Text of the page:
But, just like the recycle symbol, this feeds back into another benefit for you. If you know that your partner is willing to tell you the not-so-great things because they don’t fear you’ll have an extremely negative reaction, that means you can actually believe them when they tell you the super-fantastic things. What reason would they have to lie? The good news gets that much sweeter when you know it’s true.

There is so much relief in just trusting someone. But in order to reach that with someone whose default setting isn’t “be completely open and honest regardless of feelings or consequences” you have to let them know it’s safe for them to give you bad news sometimes.

Otherwise, you’re asking them to tell you the truth only when it’s pleasant, and that just leads to questioning if everything they tell you is 100% honest.

Now to the other part of this equation. The giving of truth when it’s not a pleasant truth to give.

This is sometimes called “diplomacy,” and not everybody is very good at it. Some people are really good at honesty, and go so far as to brag about their ability to be “brutally honest” with people.

I don’t like to be “brutally” honest.

I prefer to be “tactfully” honest, or as some people recently described it, I practice “gentle” honesty.

It’s the type of honesty that is compassionate in nature. It’s a type of honesty I’ve learned is best shared when requested, because not everybody is as good at receiving the bad news – and when they ask for advice, what they really want is pity.

I feel like the best way to go about being gentle with your honesty is to put yourself in the position of the person who has to hear what you have to say. Figure out how you would want to be told and do your best to be direct, but kind in your delivery.

I’ll give a really basic example. You go to your partner’s place for the first time and they want to cook for you. They spend a few hours preparing a meal and they’re very proud of it. You take a bite and…well, it’s not edible.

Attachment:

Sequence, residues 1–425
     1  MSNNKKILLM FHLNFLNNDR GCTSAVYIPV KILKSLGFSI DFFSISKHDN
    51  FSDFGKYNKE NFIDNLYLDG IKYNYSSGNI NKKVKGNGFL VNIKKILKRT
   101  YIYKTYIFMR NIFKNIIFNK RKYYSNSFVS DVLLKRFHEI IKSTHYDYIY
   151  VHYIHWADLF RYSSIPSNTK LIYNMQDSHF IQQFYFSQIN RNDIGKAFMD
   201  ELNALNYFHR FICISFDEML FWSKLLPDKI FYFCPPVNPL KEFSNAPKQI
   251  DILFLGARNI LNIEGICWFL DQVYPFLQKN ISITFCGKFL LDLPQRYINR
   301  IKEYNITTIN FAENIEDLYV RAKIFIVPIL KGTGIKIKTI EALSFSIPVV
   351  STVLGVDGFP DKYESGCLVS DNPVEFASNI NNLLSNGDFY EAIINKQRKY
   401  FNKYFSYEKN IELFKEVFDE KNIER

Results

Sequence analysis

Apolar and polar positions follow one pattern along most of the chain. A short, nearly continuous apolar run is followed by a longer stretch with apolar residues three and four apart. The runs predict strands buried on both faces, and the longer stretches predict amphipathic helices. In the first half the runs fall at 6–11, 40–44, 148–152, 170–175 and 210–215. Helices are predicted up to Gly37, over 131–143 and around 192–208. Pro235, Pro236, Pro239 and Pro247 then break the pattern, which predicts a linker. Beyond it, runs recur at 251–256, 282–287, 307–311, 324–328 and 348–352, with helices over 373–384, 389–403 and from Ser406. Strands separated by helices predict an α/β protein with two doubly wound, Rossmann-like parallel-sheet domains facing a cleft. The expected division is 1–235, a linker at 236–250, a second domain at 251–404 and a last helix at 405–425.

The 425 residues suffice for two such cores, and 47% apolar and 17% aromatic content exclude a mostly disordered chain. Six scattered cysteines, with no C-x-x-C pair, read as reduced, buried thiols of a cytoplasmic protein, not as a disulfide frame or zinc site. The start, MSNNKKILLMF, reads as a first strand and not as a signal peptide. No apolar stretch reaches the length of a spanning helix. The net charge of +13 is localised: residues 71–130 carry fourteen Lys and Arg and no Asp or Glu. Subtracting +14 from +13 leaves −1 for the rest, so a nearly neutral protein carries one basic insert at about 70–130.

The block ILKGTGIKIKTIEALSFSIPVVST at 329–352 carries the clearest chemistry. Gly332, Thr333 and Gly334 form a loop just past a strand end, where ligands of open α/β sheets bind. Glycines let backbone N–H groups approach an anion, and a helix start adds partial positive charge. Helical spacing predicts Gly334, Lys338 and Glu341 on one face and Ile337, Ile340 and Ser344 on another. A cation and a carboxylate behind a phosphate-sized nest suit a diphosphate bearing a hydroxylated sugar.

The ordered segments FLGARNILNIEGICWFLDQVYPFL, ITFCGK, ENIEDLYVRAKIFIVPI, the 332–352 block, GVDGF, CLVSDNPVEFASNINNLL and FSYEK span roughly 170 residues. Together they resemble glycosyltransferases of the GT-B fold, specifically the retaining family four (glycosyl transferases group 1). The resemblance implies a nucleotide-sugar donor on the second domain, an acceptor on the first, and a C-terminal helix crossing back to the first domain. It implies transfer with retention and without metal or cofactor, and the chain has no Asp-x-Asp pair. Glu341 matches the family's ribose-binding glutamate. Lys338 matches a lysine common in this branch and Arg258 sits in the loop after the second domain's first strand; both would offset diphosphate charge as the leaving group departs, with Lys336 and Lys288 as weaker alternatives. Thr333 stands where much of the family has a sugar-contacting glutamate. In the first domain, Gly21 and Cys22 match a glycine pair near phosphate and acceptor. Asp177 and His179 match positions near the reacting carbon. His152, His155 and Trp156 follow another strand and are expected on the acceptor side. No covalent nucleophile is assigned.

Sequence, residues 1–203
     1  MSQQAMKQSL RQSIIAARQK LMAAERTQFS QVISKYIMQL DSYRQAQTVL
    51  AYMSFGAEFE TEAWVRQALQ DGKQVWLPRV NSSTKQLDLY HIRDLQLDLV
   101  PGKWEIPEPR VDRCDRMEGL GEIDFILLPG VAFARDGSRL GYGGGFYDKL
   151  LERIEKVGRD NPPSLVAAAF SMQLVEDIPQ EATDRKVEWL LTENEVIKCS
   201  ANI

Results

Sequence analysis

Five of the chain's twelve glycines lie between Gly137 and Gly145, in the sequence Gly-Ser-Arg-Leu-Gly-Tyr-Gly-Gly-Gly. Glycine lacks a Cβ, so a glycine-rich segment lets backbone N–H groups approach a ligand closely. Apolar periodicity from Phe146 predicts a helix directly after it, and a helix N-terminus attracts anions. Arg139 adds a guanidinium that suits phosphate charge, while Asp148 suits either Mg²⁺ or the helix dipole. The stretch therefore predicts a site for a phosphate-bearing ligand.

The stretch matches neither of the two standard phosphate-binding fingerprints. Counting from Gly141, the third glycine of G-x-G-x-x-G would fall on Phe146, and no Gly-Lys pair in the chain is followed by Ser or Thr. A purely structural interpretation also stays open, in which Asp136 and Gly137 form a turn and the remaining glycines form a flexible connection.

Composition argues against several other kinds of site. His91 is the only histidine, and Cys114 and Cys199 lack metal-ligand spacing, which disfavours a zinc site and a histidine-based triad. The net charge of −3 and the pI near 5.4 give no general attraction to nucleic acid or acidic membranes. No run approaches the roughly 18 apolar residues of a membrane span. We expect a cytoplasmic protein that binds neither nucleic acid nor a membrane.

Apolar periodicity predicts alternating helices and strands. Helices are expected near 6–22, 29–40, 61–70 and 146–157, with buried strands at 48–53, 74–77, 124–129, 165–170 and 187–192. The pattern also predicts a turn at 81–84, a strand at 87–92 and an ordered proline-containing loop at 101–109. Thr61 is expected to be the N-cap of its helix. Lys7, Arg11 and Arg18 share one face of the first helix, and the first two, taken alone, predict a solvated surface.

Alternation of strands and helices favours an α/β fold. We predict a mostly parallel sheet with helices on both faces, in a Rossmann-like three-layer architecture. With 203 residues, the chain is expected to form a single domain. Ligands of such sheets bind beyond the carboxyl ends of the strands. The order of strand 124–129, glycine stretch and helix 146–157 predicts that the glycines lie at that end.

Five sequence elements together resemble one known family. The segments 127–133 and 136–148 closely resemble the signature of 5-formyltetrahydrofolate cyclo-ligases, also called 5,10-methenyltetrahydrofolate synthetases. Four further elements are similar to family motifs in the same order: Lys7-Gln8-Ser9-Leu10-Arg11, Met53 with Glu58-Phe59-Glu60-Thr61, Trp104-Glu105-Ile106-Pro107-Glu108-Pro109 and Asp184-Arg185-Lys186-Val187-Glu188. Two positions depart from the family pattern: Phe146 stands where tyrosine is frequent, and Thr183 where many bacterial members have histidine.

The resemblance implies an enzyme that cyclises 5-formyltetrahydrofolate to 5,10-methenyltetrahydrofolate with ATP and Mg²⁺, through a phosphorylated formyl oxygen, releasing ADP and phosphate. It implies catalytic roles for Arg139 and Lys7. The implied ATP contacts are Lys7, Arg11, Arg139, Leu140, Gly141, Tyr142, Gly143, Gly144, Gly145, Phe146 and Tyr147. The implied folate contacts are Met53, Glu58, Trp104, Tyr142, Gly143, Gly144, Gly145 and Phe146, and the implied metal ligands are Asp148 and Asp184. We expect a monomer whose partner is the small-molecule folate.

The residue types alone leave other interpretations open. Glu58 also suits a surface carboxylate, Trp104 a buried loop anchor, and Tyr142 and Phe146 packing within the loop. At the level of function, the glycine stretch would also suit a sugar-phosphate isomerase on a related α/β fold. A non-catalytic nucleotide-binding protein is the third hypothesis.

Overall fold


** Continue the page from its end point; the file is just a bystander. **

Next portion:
They ask you “How do you like it? Be honest.”

Do you lie? You don’t want to hurt their feelings. You don’t want to be an ass and just say “Oh, this is disgusting.” That’s honest, but rude.

So put yourself in their position: How would you want someone to tell you your food isn’t great? How would they tell you this so that your reaction wouldn’t be defensive or self-hatred? (And if you think there’s no way somebody could be honest with you without pissing you off or making you hate yourself, work on that whole “Thank you for being honest,” trick).

Personally, I’d find something good to say about it – “The meat is well cooked, but it’s a little salty for my taste.” Or “The flavor is great, but I prefer it a little more rare.” Or “Well, it’s not what I’m used to…I think I might like it better next time if…..”

What do you do if they’re hurt by your honesty? Be compassionate. Show them that it upsets you to hurt them, but it would hurt you more to lie to them. Give them the space to feel how they feel, and let them know that you aren’t going to react negatively to their negative reaction.

Again, earning the reputation from the people in your life as someone who won’t lie to them and won’t fault them for having reactive emotions has really excellent benefits. People tend not to ask me what I think unless they really want to know. Most of the time, I just listen.

And people respect you because they trust you.

Trust and respect are sexy as hell. I think they’re the best aphrodisiac and my top two kinks of all time.

So, well….hopefully this is a more accessible and comprehensive understanding of the Honesty Exchange as I see it. If you want people to be honest with you, you have to be able appreciate their honesty even when it hurts; and if you want people to trust and respect you, you have to be honest with them and give them the space to react however they’re going to react, even when it’s uncomfortable.